It’s true, as PR majors we don’t have three physics labs to write up a week, hundreds of medical term flashcards to memorize or a calculus exam every Friday like some students. We do however write about 15 pages a week in essays and sample press releases, read dozens of textbook chapters a week, study communication styles and techniques, as well as spend hours on end keeping up with current trends and technologies (all while apparently making it look “easy” to everyone around us). When I enter my first career, I won’t have to write programs for top line security systems or crunch numbers until my fingers bleed, but I will have to use every ounce of energy I have to create the best possible public presence for a company. A company that may be funding that engineer’s salary that laughed my response away. According to Public Relations News,
Public relations is the management function which evaluates public attitudes, identifies the policies and procedures of an individual or an organization with the public interest, and plans and executes a program of action to earn public understanding and acceptance.
While the public part implies inclusion of things like public affairs, community relations, investor relations, public press conferences, media events, internal communications and crisis communications, it also involves a lot of behind-the-scenes, non-public activity. It could involve simply the writing of a press release, but it could also involve coordinating media contacts for an event or conference, securing credentials, lobbying for article placement and the like.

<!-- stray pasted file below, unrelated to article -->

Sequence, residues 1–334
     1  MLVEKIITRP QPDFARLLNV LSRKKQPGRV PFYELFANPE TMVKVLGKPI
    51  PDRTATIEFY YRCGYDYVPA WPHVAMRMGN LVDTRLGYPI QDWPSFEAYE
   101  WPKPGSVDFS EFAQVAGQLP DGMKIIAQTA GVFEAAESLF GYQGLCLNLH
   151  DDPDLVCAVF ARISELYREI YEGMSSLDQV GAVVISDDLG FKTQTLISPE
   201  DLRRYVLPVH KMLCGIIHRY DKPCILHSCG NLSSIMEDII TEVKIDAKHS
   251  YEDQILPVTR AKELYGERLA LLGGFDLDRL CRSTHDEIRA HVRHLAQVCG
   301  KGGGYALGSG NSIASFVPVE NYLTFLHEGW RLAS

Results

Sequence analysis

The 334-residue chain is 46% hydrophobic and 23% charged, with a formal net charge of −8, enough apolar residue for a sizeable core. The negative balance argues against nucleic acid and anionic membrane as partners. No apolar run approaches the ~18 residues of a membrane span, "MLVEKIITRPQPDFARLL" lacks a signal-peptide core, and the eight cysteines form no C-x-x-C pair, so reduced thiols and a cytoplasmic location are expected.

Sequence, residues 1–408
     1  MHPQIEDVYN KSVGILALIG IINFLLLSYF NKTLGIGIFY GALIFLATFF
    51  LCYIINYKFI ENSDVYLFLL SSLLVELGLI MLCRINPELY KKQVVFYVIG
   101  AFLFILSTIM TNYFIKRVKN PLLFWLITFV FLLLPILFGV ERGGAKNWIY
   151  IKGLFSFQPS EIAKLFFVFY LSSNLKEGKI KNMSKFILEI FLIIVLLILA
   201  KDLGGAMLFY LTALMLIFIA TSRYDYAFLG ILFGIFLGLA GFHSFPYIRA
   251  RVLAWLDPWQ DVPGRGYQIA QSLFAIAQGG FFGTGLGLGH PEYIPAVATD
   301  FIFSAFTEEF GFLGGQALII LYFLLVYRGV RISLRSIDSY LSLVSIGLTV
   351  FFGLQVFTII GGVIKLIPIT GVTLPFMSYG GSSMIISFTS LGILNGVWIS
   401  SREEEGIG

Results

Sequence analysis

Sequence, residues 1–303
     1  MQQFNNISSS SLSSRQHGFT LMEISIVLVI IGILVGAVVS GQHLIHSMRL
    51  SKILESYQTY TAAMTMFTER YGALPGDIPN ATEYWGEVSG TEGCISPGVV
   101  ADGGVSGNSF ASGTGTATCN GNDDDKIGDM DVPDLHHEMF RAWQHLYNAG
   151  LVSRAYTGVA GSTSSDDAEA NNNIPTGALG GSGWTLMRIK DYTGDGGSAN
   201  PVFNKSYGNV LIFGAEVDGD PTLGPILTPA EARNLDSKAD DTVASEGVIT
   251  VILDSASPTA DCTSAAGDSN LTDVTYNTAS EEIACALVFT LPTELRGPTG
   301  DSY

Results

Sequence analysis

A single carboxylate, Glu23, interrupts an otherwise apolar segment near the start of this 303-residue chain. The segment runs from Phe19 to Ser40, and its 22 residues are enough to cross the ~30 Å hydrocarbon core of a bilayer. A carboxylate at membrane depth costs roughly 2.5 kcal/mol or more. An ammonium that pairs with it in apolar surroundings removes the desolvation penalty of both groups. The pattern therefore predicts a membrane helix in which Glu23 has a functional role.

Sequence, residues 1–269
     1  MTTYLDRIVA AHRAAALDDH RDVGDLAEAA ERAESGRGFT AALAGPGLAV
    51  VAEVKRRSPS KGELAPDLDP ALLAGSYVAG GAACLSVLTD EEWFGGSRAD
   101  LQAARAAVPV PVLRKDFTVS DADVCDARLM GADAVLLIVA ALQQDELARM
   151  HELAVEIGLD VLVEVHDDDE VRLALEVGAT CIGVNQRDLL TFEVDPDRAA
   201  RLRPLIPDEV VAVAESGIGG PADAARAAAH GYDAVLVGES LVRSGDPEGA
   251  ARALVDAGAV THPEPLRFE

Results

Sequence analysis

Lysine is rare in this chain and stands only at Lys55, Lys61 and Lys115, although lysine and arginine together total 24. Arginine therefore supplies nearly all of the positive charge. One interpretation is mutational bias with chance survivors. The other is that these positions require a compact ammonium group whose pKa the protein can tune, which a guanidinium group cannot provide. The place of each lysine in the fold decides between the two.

To the man who is not much older than I, the one who told me that my career is nothing but a pretty face, what happens when suddenly your funding company begins to lose its positive perception to the public and starts to go under? Who’s going to be the one staying late at the office, running off of nothing but caffeine and stress to do anything in their power to handle that disastrous event that ruined the company’s image, submit that one last press release and arrange one more funding event to attempt and keep that reputation afloat? Me.
So, to answer all of their questions:
“I would love that! I guess I’ll just have to work my tail off to be as blessed as you.”
“*Insert laughter* Yup.” (Not worth arguing with someone so pigheaded)
“I plan on becoming successful in my chosen career. If I need to stay here for a bit, so be it. Someone needs to make your Grey Goose martinis, right? Besides, there’s nothing wrong with being a bartender.”
“I decided to get a degree, not a certificate. They are two entirely different things, one not being any better than the other, just simply a different level of expertise in an area.”
“Actually, I pay for college entirely myself. Even if I didn’t, my parents are supportive and beyond proud of me. But thank you for the concern.”
C’mon people, please, just have respect for one another. You’ll never see me shutting down someone’s career choice, no matter what it is, so I ask you to do the same. Don’t put me down just because my mind may not work the same way yours does. Think of society as a machine, each part is dependent on another somehow, without one the other may not be able to function to its full potential.
If you have questions about someone’s career, just ask! If it’s something they are passionate about, chances are they would love to chat. It’s 2016, let’s learn to not hate … just appreciate 🙂